Laura Sanchez 2017-09-20 13:32:46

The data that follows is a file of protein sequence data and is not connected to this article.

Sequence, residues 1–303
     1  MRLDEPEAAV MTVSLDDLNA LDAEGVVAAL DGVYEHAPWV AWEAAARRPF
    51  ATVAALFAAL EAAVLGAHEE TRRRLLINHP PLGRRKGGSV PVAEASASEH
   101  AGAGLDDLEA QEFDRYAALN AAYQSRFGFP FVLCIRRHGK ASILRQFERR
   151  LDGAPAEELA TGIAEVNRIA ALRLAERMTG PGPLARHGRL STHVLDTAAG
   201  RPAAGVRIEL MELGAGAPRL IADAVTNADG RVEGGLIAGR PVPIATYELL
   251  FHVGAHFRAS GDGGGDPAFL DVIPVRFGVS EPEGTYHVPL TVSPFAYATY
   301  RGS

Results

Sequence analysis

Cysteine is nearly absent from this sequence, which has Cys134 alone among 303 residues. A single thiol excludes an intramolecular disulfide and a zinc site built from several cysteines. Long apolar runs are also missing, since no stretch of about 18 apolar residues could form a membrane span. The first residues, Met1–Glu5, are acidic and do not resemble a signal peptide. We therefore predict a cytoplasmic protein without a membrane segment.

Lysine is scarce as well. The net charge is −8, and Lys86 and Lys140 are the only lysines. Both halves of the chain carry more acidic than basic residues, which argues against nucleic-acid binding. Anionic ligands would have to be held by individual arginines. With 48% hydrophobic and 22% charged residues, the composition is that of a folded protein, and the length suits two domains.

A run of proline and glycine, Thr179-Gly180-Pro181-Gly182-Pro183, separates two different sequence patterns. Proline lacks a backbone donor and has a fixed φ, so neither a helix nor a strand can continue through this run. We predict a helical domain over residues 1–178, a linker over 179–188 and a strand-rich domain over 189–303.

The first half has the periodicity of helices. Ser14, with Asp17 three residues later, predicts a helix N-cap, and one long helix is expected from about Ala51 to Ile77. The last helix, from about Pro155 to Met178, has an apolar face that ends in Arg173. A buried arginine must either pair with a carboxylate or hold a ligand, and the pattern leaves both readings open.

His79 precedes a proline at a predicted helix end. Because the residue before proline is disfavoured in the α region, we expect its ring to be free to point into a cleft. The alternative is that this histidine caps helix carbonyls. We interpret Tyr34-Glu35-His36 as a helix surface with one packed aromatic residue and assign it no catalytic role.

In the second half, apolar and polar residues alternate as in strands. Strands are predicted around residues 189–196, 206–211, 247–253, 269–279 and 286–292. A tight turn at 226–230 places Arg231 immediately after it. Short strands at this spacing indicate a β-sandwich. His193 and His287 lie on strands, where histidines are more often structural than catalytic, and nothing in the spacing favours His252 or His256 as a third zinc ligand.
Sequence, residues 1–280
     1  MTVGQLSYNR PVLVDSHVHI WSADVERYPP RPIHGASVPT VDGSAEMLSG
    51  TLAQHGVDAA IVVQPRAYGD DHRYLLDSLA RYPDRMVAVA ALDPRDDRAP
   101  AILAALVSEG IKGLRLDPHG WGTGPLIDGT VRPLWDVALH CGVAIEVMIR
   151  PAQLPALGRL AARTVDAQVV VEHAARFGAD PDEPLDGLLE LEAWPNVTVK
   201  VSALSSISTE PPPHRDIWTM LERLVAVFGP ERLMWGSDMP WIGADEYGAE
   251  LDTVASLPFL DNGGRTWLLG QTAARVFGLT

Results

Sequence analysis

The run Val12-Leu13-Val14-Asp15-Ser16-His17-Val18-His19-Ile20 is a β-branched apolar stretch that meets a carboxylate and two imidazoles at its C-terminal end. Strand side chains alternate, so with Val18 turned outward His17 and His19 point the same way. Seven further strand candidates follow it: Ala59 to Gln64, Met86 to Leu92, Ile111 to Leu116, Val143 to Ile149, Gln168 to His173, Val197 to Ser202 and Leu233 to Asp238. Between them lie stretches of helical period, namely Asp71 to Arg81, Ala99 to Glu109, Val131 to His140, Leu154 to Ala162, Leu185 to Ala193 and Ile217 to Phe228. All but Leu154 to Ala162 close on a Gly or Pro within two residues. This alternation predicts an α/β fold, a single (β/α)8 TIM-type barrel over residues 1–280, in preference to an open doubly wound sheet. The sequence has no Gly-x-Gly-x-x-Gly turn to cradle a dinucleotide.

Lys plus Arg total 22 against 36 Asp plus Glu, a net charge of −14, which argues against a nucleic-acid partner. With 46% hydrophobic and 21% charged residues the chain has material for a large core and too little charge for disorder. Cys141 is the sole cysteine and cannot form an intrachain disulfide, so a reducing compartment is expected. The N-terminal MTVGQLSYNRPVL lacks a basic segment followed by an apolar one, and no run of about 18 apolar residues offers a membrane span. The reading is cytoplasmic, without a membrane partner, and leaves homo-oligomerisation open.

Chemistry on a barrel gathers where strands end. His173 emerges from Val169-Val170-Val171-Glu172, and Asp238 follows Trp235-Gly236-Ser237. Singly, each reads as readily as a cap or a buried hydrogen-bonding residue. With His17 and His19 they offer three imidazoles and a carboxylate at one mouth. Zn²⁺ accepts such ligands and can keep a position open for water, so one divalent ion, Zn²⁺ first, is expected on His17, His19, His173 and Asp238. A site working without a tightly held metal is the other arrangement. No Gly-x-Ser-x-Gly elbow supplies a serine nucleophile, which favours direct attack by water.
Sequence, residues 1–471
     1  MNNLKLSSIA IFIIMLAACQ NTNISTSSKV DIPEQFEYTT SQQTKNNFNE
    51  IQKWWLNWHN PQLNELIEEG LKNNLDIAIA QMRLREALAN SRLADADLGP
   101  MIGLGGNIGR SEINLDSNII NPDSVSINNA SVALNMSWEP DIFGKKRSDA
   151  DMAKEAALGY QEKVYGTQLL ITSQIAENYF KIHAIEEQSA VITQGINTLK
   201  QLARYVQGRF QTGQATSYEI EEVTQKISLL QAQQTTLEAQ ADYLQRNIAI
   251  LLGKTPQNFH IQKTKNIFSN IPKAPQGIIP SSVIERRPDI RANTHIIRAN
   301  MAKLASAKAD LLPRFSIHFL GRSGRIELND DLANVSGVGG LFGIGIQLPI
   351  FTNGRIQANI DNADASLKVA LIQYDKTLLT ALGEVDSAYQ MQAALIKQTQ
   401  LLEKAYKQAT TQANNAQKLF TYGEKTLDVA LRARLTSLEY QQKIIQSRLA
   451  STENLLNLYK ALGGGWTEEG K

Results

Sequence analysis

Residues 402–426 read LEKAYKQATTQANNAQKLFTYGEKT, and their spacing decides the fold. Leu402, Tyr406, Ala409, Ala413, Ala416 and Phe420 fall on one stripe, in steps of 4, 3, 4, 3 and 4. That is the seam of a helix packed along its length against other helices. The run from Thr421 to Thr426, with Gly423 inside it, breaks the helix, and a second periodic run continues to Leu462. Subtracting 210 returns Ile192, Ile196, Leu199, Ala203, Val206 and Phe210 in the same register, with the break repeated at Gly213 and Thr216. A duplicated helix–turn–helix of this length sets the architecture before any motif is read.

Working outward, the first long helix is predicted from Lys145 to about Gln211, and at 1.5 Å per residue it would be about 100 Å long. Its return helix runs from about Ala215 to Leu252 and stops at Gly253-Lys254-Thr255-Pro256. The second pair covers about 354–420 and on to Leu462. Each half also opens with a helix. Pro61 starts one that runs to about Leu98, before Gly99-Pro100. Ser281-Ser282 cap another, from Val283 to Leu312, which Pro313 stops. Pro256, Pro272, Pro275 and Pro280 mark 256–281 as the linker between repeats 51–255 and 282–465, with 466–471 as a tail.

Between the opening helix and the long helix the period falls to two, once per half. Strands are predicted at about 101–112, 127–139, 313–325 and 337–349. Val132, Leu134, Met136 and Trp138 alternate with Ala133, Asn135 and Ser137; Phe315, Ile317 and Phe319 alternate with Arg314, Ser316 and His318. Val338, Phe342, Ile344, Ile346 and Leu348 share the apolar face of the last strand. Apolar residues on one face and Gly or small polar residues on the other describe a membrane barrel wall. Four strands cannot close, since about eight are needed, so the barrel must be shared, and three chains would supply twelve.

When I was a child, the words “Choose Your Own Adventure” rang with the same exhilarating thrill as the recess bell. As the title of a popular book series, the phrase was indicative of freedom. Books like By Balloon to the Sahara, Search for the Mountain Gorillas, and Mystery of the Maya let shy kids like me explore the world as a mountain climber, a researcher, a racecar driver, or an international spy. They were an imaginative escape. And, more importantly, they gave us the power to make decisions throughout the journey—choices that determined the plot's outcome. The stories were written in the second person, with the reader as the protagonist. Therefore, each of us was charged with making critical decisions and forging new narrative paths. “If you continue on the flight course to Paris [with bad guys onboard], turn to page 39,” the book suggests. “If you escape by booking a flight to Spain instead, turn to page 41.” I share this childhood anecdote because it seems that today many companies are faced with a similar series of choices as they select the best ways to achieve cost-effective, reliable power. Increased demands on the nation's electrical power systems, service interruptions, power quality issues, and energy price spikes have caused many utility customers in the C&I space to seek out additional sources of high-quality, reliable electricity. And in order to address their specific generation needs, an increasing number of companies are arriving at consistent power by way of innovative combinations of distributed energy resources such as CHP systems, gas generators, energy storage batteries, solar, waste-to-energy plants, and geothermal technologies. These distributed energy resources can frequently offer consumers increased control over their energy costs, higher power quality, and increased energy efficiency. We were impressed by the many ingenious approaches to power stability that organizations around the world have shared with us. Therefore, in this issue of Distributed Energy, we’ve chosen to include a collection of articles that outline some of the resourceful routes that companies are taking today to arrive at energy efficiency and resiliency. Our hope is that these stories inspire out-of-the-box thinking and support your organization’s critical decision-making as you determine your own path. Power system flexibility is the ultimate advantage in many industries. We explore the dexterity of microturbines within energy systems in “Great Things Come in Small Packages” (pg. 16). We see that the compact size and relatively light weight of microturbines, coupled with fuel flexibility and lower emissions, makes them an exceptional supportive power source and the perfect balancing technology along with solar, wind, and/or energy storage. In “Affecting Change” (pg. 36), we profile six mayors participating in the Sierra Club’s “Mayors for 100 Percent Clean Energy” initiative, advocating a hyperlocal approach to environmentally positive power production. Mayors across the nation are seeing the effects of climate change firsthand at the municipality level. Therefore, many have committed to affecting change within their communities. From wind power in Greensburg, KS, to solar generation in Portland, ME, and evaluating the environmental cost of oil and gas production in Louisiana, the mayors that have signed this initiative are making a difference on a regional level and beyond. In “Geothermal Technology” (pg. 42), we travel to Everglades National Park, where we learn that a system upgrade for the geothermal system at the preserve’s Conservation Learning Center helps the park capitalize on natural thermal energy while conserving valuable resources. Furthermore, the new open-loop system not only offers optimal energy conservation, but it also uses water as a heat exchanger fluid and returns it to recharge the groundwater source. In “Creative Configurations” (pg. 20), we learn about the innovative approaches that many organizations are taking with regard to onsite power generation and energy storage. Some adopt a building-block method that, with the help of multiple gensets, allows them to add or remove assets according to their power needs. Others take a hybrid approach to power production by generating a percentage of their electricity onsite and buying the rest. And others combine generation assets and optimization software to maximize their system’s efficiency, demonstrating that there are many routes to reliable power. Solar power is an increasingly advantageous generation source. We profile two innovative solar projects in this issue. The first, “Community Solar” (pg. 45), shares the details of a 181.5-kW project installed on three commercial buildings in Washington, D.C. that will benefit affordable housing residents. The second, “Flotovoltaics” (pg. 48), highlights floating solar technology installed on man-made water spaces such as irrigation reservoirs and wastewater ponds—technology that makes previously unused spaces productive by using them to generate clean energy. As evinced by this collection of stories, there are myriad ways to arrive at energy efficiency and resiliency. Selecting the best plan to fit your organization’s needs involves exploring uncharted energy landscapes, developing new narratives, and making critical technology decisions. What path will you choose in your pursuit of reliable power? DE
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